By Paul Nicholson
October 12 – The number of players and football executives revealed as falling foul of UK revenue and customs authorities in the UK for investing in tax avoidance film funds is likely to be as high as several hundred, threatening bankruptcy for some and financial hardship for many others. It is a scandal made in the City of London but acted out in clubs across the country and not just in the Premier League.
The football names revealed so far are just the tip of the ice-berg in a tax investigation that has already bankrupted some players, including Rangers legend Gordon Durie, who did not have the money to pay tax demands.
Last weekend Wayne Rooney was revealed as facing a £3.5 million tax demand after investing in Invicta 43. England’s current manager Gareth Southgate was also hit with a large but undisclosed tax bills for similar investments. David Beckham and Gary Lineker have also been revealed as having invested in schemes. One lawyer Insideworldfootball spoke to said that any professional player earning a significant salary was considered fair game for these investment vehicles. The beauty of the players was that they were easy to get to.
An investigation by Scottish newspaper the Daily Record has listed a number of former Celtic players and club management linked to a £434 million tax avoidance scheme run by London-based Ingenious, who worked hand-in-hand with banks. They include former managers Neil Lennon and Martin O’Neil, chief executive Peter Lawwell and former players Bobby Petta, Chris Sutton, John Hartson, Stan Varga, Alan Thompson, Craig Bellamy and Johan Mjallby.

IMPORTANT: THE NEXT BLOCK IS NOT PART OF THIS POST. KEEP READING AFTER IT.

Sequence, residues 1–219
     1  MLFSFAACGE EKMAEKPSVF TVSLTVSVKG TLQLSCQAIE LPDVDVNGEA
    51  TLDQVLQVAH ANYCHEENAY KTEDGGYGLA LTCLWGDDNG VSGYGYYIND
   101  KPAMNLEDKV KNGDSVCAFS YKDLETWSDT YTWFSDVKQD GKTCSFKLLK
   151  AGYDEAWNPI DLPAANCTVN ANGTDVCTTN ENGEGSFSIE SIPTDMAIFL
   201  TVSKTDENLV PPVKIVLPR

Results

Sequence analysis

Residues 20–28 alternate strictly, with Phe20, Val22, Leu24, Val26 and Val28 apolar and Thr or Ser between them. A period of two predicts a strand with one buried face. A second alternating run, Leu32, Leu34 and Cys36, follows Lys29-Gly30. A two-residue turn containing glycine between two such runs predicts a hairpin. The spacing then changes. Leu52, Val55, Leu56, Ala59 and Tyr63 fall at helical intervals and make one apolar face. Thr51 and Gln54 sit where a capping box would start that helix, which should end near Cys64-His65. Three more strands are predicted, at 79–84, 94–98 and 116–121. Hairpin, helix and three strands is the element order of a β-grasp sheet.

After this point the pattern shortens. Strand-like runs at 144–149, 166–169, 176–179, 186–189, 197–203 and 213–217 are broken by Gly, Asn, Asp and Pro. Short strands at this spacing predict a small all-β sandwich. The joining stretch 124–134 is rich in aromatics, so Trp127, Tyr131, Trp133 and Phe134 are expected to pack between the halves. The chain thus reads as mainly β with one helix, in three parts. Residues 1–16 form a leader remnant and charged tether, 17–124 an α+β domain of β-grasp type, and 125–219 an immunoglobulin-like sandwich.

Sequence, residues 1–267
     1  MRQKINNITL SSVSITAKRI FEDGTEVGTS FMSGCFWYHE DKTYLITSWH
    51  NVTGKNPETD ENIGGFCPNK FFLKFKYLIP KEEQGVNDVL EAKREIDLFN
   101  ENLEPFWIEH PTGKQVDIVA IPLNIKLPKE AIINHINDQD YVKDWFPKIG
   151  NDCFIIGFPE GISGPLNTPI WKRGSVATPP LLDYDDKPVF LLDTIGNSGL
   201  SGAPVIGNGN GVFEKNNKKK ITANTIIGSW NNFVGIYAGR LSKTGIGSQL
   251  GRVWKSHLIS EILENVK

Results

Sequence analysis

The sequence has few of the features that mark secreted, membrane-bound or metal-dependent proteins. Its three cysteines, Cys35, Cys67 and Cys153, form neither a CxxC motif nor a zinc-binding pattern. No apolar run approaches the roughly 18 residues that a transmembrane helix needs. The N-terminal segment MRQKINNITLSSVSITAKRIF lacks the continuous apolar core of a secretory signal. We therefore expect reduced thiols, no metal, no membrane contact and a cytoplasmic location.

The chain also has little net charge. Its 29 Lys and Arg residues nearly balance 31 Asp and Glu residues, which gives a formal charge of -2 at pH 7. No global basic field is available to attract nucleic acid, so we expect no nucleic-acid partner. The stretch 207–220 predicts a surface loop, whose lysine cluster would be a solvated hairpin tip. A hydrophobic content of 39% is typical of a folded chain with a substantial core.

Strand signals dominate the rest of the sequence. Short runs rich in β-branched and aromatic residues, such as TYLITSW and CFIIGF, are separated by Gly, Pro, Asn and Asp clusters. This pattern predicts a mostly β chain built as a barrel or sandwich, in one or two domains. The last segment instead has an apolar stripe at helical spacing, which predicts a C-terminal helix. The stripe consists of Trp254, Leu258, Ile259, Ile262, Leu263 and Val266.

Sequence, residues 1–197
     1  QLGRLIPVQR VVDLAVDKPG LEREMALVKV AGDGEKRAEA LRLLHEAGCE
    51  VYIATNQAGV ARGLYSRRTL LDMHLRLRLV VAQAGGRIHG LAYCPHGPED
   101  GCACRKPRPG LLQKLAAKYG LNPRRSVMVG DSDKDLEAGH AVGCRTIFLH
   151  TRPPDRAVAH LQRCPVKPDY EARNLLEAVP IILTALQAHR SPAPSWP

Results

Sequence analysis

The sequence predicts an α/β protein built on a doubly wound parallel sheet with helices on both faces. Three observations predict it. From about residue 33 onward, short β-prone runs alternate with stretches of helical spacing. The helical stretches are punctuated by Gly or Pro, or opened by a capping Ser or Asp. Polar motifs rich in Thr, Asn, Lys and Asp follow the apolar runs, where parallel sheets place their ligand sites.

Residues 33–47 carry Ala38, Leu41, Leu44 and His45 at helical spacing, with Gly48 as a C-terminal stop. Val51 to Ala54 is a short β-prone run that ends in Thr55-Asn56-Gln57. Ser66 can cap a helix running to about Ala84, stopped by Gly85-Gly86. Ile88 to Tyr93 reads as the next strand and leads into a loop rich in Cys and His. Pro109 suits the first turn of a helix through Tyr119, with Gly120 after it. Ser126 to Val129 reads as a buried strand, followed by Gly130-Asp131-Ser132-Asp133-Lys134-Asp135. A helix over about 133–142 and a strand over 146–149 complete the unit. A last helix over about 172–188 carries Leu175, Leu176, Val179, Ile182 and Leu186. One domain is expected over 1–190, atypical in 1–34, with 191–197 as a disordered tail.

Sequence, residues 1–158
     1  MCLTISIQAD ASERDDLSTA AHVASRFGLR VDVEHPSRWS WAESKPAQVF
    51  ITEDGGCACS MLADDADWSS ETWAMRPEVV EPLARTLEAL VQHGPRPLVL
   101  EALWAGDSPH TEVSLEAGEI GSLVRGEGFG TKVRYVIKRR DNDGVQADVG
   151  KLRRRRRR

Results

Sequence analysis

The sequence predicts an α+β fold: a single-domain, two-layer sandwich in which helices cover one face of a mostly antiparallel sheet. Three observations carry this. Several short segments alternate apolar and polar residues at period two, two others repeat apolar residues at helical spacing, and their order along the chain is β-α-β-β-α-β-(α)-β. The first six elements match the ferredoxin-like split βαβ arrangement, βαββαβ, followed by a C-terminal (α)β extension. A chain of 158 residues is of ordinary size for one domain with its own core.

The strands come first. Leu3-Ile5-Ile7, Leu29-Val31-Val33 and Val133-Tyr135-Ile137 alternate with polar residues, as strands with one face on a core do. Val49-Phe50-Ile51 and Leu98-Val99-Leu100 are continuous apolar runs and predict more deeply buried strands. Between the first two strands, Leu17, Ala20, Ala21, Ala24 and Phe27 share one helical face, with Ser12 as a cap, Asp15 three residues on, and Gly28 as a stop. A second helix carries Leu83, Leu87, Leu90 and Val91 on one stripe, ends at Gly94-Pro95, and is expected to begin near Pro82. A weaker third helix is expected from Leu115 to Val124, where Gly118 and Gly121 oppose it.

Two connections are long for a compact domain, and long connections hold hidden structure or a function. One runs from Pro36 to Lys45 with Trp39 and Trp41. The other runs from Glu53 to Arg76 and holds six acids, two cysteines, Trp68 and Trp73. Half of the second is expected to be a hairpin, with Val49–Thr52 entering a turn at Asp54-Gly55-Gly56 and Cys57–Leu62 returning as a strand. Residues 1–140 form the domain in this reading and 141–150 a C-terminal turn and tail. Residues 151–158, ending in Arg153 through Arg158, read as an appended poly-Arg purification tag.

But the full scale of the schemes and the extent of their preying on cash rich footballers, often young players at the start of their careers or older players close to retirement, actually runs into billions of pounds of tax losses that HMRC is under a statutory duty to collect.
Under the film schemes a high-earning player might have invested £200,000, for example, enabling them to borrow another £800,000 to make their investment in the scheme £1 million. The investor could then claim tax relief on this amount (40% in 2007 when the Invicta scheme was launched) to shelter other income from tax over three years. The player is liable for tax on the full amount invested (cash plus loan).
But the amounts can be much lower with, for example, young players investing £20,000 from their first contracts, topping that up with an £80,000 loan that is ploughed into the fund and the making of the film. Or at least theoretically ploughed in.
Evidence is that banks making the loans placed the money in the film fund accounts, usually at the same bank, but those monies were more often than not never drawn down. In fact the money was often passed between accounts at the same bank in a circular loan, giving the impression that trade was taking place.
At the same time bank, accountancy, fund promoters, agency and various other intermediary commissions were deducted from the amounts invested (usually within 24 hours), leaving the investment greatly reduced, often by as much as 50%.
The players would have had no idea this was taking place, and might never have realised until HMRC begun issuing tax collection notices on players once it was ruled these schemes were illegal tax avoidance. Ultimately the tax has to be collected somewhere and even though the players would never have seen the hard cash of the loan taken out in their name, or understood the schemes they had invested in, they are still liable for the tax on the full amount (cash invested plus loan) that was in their name.